Finding a Definition of Heaven and Hell

What are “heaven” and “hell”? How does one arrive at one or the other? Do all religions define the afterlife in such a dichotomous way? Is there evidence of these two realms on Earth? Where can we find them?

In the second episode of this season of The Story of God with Morgan Freeman, the show answers these questions from its interfaith perspective. We checked in with bloggers from Patheos to see what they thought of the episode and the concept of heaven and hell.

Paul Asay of Watching God discusses his fascination with Assyrian Christianity mentioned in the episode. “…its theology of heaven and hell is remarkably, attractively simple: Heaven, Freeman explains, is when you’re close to God. Hell is when you’re far away from Him. I like that. It reminds me of Dante’s Inferno, where hell’s nine circles progressively sink farther and farther from God and heaven, finally terminating in the icy center of the earth.”

Asay also adds his definition of heaven: “Freeman suggests in the show that, for some people, heaven is found in home. It’s a place where you feel loved. Where you belong. I’d agree that ‘home,’ whatever that looks like, can give us a hint of heaven. But it’s because, I believe, heaven is our real home. Heaven is an eternal place. Our home, all too often, is not. And sometimes it can become a hell. It can feel far from God indeed.”

Chris Williams of Chrisicisms writes on heaven, “When the biblical writers describe it with images of jewelry and precious metals, it’s not because the streets are literally lined with gold but because earthly images are as close as we can get to understanding it. I believe that when followers of Christ die, they’ll be in a place with no suffering or fear and everything wrong will be made right. Rather than a disconnected, wispy place in the clouds, Christians believe heaven will come down to earth following Christ’s return, and we’ll live forever with him, serving him and using our humanity and gifts to their full potential, unencumbered by the effects of the fall.”

He continues with, “As Christians, we hope for heaven. But our hope isn’t in heaven; it’s in Christ. And maybe the reason we don’t have any earthly proof of it is because the whole point of our faith is not just to prepare us for the afterlife but to deepen our trust in Jesus.”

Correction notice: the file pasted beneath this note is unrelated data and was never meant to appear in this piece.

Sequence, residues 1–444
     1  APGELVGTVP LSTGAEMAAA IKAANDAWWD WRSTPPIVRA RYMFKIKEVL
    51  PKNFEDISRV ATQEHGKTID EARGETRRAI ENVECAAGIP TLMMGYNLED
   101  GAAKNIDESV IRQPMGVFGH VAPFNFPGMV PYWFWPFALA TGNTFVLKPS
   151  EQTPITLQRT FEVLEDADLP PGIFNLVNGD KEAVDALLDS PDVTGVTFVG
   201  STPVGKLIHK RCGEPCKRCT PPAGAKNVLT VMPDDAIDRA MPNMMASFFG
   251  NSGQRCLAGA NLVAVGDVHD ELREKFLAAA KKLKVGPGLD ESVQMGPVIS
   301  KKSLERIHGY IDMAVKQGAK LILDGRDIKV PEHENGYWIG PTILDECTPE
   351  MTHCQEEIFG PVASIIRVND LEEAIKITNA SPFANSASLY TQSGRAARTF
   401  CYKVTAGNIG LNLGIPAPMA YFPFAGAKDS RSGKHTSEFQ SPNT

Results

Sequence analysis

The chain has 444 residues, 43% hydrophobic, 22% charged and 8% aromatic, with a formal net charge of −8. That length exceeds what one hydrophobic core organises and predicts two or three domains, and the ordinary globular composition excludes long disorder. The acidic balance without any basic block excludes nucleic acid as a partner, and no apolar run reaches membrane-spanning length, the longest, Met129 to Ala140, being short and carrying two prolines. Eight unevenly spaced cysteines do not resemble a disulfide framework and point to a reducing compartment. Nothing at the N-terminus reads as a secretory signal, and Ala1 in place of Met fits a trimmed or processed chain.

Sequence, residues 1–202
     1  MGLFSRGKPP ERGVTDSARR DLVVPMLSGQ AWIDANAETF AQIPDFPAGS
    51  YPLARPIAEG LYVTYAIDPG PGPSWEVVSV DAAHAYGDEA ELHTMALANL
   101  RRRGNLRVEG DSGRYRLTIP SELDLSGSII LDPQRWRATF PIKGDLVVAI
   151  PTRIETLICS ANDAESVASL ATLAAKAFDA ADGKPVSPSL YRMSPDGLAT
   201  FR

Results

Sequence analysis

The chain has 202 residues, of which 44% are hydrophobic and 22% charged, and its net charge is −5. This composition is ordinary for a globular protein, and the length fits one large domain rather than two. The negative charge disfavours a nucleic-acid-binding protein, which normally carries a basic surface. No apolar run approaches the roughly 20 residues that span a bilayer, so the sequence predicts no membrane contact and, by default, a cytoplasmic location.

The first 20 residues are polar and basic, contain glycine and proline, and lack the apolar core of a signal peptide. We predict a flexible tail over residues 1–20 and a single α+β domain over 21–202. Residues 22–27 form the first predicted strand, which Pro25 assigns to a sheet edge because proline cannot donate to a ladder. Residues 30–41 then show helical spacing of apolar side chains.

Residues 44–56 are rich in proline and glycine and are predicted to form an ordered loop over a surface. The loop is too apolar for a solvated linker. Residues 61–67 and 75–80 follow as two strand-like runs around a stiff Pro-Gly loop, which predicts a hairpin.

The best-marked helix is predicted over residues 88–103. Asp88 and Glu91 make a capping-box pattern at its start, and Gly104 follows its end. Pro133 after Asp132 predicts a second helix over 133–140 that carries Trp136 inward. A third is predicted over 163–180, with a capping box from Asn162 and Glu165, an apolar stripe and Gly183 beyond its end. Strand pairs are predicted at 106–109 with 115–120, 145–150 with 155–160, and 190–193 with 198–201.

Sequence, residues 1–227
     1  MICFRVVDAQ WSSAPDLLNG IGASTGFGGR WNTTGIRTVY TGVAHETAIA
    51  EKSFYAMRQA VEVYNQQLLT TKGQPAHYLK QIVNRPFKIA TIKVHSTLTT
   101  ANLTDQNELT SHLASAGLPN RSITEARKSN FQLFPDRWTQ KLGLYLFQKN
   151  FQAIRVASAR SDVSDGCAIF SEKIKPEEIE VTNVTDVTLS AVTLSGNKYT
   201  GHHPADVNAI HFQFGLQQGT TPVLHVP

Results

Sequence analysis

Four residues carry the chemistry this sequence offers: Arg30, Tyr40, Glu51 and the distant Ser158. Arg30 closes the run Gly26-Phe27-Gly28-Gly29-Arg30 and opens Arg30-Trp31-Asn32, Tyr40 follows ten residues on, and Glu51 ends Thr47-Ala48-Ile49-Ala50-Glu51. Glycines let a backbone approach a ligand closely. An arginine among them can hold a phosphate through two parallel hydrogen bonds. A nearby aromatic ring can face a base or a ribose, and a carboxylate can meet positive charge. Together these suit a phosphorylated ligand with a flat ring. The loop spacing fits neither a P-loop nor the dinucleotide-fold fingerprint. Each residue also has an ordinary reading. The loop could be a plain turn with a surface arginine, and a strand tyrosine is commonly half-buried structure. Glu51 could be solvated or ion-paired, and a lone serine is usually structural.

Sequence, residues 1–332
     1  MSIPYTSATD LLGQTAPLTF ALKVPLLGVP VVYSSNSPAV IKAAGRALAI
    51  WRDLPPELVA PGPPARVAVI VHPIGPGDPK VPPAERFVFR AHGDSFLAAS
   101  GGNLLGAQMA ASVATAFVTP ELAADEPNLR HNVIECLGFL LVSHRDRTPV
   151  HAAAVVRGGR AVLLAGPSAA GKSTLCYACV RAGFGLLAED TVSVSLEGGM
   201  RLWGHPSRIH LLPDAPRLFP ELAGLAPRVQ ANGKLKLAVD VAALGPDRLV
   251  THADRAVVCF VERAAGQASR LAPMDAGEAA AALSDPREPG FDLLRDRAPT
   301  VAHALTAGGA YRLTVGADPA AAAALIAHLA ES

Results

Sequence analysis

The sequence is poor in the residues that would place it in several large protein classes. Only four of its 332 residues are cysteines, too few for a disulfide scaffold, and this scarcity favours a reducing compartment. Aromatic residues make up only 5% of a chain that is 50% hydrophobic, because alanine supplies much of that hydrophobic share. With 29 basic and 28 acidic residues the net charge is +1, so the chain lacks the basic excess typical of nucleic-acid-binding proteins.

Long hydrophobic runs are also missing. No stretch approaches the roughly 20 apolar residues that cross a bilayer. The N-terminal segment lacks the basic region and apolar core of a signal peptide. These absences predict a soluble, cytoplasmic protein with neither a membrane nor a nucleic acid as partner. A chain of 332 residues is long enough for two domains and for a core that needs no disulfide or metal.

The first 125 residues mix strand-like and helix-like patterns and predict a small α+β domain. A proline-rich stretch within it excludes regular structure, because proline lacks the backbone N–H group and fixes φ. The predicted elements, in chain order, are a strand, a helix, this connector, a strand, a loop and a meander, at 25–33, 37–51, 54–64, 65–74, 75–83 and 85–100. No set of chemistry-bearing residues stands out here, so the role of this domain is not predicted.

Daniel Scharpenburg of Bodhisattva Road discusses the show’s segment on the Buddhist tradition in Cambodia. “In this episode Freeman travels to the jungles of Cambodia to a place called Angkor Wat (City of Temples), the largest religious monument in the world. It’s been a Buddhist temple for hundreds of years; prior to that it was a Hindu temple to Vishnu. It’s included in this episode, not because of what it represents today, but because it was originally created to be a reflection of a Hindu heavenly realm.”

He adds on the temple, “Being the largest religious monument in the world, it took a lot of work. It’s an incredibly elaborate structure and a wonder to look at. It’s said that it was built to be attractive to the gods, to be a place they would want to come down and visit.”

Thanks to this week’s bloggers for joining in the discussion! We’ll be back next week to share thoughts from more Patheos bloggers as they explore our final episode of The Story of God with Morgan Freeman, “Proof of God.”

Make sure to check out the discussion guide for this week’s episode written by experts and scholars from OnFaith.

“The Story of God with Morgan Freeman: Heaven and Hell” airs Monday, January 23 at 9/8c.

Comments

  1. Mark
    Virginia
    January 30, 10:17 pm

    During the episode , ” Proof of God ” , Mr. Freeman spoke to a physicist concerning a correlation between God and Science. I am not sure where the physicist was going with his idea but, it has been my experience that Science may be the study of the very fingerprints of God. Constantly in science we are shown facts that point directly to intelligent design.

  2. Albert
    United States
    February 10, 1:30 pm

    Notice one Belief not mention or overlooked.
    The Bahai Faith has some prospective a little different from the common views of religion.